Irish people are more than twice as likely to attend or watch a women’s sports event as their peers in the UK, according to a new survey.
More than only one in three (36%) adults who responded to new research by Liberty Insurance said they have attended or watched a women’s sports event in the past 12 months, compared to just 17% in the UK.
Men's sport remains more popular in both countries however, with three quarters (75%) of Irish adults and 49% of UK adults saying that they attended or watched a major men’s sporting event in that time.
The research was carried out by RED C Research among more than 1,000 adults in Ireland and 2,000 adults in the UK.
The survey also revealed that Irish men are more likely than women to watch or attend female sports events in both Ireland and the UK. Some 43% of Irish men have attended or watched a major women’s sports event in the last 12 months, versus 30% of females. In the UK, 25% of males and 10% of females have attended or watched equivalent sports events.
Older men are the most likely to follow female sport. Over half (57%) of all men over 55 in Ireland have watched or attended a women’s sporting event versus just 30% of females in the same age bracket.
A ‘general lack of interest’ is the most frequently cited reason for a lack of engagement in women’s sport. Some 47% of Irish people and 55% of people in the UK cited this as their primary reason for not attending or watching women’s sport.
Other barriers to engagement in Ireland included a lack of knowledge (16%), lack of time (15%), insufficient buzz or excitement (12%), and not growing up with women’s sport (16%).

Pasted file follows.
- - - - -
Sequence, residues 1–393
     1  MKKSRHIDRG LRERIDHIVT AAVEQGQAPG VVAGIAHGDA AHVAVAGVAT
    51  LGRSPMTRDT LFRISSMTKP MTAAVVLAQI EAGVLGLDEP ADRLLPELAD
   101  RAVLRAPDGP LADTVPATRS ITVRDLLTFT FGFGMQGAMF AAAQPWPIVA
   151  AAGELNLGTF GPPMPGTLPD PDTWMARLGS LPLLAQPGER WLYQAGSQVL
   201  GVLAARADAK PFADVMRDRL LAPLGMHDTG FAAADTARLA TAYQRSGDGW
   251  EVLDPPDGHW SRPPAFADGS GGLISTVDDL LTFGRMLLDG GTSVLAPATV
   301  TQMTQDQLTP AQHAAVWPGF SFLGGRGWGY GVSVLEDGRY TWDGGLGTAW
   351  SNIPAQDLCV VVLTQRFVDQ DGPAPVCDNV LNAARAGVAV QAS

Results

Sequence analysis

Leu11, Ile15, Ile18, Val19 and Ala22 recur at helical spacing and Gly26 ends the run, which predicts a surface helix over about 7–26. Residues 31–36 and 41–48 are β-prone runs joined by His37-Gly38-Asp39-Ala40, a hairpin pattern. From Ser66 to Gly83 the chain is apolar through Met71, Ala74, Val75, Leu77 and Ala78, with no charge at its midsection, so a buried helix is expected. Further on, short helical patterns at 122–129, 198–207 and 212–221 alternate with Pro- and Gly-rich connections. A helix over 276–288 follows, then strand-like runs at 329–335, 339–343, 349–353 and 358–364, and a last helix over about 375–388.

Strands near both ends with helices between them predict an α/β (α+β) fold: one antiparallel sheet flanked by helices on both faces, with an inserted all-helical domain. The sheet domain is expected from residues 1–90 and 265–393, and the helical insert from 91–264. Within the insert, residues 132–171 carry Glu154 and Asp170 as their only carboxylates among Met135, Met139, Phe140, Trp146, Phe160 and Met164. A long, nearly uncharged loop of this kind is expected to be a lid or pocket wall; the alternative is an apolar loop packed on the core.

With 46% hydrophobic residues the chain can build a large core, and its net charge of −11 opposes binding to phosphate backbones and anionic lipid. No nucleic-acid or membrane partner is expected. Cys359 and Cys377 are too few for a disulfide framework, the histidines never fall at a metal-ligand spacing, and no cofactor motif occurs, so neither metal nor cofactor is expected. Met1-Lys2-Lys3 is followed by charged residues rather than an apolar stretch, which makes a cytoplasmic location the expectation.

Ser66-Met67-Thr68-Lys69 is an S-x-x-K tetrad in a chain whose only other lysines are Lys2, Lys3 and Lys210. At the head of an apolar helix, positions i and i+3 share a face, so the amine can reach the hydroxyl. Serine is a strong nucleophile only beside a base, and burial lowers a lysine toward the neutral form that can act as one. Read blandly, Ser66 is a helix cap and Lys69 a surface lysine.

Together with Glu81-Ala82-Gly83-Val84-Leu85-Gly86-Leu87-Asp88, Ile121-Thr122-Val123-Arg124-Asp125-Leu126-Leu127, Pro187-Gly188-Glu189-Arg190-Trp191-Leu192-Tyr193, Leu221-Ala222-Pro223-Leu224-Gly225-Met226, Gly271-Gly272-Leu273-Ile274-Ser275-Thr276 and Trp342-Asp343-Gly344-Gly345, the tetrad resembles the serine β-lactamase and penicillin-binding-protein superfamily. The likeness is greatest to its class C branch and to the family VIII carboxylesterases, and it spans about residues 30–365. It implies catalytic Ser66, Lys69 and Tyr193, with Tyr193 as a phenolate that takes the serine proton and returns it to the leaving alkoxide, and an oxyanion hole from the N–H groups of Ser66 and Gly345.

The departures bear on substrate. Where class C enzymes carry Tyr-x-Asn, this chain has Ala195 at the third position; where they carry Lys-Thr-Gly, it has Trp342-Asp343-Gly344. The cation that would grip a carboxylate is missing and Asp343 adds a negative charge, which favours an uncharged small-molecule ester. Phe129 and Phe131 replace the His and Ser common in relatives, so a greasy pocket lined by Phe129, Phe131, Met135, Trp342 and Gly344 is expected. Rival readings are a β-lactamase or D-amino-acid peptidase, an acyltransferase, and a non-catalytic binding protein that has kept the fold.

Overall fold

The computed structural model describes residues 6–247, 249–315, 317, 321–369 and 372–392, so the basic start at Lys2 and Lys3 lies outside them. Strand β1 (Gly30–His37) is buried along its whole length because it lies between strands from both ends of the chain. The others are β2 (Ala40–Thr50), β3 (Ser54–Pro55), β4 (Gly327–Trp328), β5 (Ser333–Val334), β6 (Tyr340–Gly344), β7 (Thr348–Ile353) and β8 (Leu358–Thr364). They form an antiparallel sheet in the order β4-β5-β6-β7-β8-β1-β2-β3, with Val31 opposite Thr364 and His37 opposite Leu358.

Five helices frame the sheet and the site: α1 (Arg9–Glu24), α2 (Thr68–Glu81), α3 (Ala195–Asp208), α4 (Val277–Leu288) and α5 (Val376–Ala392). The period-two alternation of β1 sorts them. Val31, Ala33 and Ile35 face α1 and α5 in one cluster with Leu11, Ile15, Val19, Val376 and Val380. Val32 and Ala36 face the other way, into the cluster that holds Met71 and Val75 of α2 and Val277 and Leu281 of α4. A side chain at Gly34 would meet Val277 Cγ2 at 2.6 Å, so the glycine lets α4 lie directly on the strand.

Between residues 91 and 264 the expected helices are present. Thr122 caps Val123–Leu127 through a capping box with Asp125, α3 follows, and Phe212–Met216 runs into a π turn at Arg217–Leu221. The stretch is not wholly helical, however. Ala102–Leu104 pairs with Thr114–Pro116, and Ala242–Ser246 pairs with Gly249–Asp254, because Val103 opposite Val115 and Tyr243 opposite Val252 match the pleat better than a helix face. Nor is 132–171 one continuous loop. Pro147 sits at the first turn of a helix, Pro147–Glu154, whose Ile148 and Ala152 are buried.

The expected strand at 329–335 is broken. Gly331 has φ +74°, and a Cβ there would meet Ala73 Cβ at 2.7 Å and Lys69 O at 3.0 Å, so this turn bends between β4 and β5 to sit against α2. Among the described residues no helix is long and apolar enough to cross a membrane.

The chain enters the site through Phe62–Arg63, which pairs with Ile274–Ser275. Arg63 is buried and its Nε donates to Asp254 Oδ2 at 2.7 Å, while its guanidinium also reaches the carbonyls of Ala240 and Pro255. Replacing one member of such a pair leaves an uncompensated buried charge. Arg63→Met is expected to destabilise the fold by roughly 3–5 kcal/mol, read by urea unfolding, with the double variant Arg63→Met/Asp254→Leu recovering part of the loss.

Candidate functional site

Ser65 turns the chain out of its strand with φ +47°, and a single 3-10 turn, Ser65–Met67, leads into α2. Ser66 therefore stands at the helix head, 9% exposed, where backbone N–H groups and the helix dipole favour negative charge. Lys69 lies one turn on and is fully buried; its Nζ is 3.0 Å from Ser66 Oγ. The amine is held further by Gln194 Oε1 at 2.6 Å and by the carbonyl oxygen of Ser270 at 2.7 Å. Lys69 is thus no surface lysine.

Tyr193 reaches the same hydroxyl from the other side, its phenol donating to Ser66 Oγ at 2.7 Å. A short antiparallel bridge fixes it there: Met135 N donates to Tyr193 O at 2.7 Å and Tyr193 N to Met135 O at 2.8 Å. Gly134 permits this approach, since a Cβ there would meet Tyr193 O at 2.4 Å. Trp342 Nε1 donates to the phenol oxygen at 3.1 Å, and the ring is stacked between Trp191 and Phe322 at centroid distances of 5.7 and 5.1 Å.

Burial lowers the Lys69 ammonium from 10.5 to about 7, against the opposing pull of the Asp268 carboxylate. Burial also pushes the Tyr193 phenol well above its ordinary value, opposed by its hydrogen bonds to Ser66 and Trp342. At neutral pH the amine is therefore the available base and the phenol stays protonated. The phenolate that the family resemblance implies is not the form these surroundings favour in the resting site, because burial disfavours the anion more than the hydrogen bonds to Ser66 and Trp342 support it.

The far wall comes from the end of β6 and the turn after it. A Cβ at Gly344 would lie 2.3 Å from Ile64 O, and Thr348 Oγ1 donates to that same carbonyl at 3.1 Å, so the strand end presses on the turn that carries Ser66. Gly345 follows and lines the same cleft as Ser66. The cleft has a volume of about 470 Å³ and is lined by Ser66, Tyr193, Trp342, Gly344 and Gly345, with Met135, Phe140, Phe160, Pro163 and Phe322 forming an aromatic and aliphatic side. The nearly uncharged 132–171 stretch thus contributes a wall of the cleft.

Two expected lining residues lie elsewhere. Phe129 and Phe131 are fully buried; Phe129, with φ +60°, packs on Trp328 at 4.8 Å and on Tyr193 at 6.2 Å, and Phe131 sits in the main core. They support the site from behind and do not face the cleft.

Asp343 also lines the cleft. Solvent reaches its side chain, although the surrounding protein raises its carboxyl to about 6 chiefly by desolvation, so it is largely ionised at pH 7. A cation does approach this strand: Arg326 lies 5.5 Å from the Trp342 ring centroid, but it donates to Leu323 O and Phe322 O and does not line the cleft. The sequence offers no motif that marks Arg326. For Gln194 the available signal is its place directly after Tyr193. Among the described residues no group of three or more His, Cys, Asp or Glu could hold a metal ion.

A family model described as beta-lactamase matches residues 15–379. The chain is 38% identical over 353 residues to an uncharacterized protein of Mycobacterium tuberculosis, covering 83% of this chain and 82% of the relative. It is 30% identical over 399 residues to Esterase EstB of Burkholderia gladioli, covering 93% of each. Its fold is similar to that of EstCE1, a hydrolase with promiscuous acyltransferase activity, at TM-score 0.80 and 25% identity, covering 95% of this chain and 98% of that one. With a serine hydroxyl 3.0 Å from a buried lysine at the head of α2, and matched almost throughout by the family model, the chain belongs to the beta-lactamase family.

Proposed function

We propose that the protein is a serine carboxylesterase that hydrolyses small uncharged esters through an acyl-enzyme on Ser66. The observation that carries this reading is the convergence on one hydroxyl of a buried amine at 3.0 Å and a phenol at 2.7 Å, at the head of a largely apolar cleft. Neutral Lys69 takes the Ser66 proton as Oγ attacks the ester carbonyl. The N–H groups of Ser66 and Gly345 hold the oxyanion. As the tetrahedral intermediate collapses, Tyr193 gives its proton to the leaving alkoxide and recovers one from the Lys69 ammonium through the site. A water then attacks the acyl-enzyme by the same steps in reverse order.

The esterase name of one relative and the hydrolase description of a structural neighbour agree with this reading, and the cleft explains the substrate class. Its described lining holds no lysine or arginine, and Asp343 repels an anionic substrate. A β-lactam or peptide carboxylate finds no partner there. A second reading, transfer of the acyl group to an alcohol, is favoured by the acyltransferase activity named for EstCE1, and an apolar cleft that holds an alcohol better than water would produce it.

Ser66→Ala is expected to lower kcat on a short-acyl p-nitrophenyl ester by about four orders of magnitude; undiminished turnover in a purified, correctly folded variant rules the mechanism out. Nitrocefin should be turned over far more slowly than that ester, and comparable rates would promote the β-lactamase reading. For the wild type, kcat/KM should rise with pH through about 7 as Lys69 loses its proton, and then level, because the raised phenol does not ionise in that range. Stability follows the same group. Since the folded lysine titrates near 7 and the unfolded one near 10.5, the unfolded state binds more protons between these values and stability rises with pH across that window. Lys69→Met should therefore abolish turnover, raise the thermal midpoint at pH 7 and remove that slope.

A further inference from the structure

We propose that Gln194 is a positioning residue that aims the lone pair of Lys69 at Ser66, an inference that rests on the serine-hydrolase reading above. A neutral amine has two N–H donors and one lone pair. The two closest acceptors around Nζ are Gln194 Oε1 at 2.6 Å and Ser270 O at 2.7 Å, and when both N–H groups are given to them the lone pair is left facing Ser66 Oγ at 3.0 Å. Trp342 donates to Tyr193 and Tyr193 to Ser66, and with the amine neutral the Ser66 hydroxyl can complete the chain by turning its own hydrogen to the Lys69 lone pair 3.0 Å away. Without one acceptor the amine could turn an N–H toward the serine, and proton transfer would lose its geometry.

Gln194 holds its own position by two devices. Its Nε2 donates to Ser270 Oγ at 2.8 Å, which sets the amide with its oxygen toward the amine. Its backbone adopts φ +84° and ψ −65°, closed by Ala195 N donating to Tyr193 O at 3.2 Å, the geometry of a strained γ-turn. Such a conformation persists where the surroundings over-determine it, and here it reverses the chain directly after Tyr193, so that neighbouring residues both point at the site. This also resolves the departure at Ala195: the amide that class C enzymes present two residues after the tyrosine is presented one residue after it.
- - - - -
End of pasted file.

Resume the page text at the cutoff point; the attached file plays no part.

The survey was undertaken by Liberty Insurance ahead of the launch of ‘Women in Sport, The Next Chapter’ in Croke Park later today.
As part of the event, RTÉ broadcaster Joanne Cantwell will host a panel discussion featuring author of ‘Eat Sweat Play’, Anna Kessel MBE; Europe’s first professional female referee Joy Neville; former Irish rugby international and media pundit Fiona Coghlan; and Camogie All-Star Mags D’Arcy.
Commenting ahead of the event, Deirdre Ashe, Director of Customer & Markets, Liberty Insurance, said: "We’re delighted to be sharing these results today and shining a light on the progress being made in the area of women in sport in Ireland.
"2017 represented an important year for women’s sport and the success of Ireland’s hosting of the Women’s Rugby World Cup, Joy Neville being awarded World Rugby referee of the year and record-breaking attendances at the All Ireland Ladies Football Final proved to be particular highlights.
"However, our research suggests more needs to be done to generate a broader awareness of women’s sport, its heroes, rivalries, and narratives. This has to start at an early age. If children are not exposed to female sport, they are highly unlikely to engage with it as adults."
- Digital desk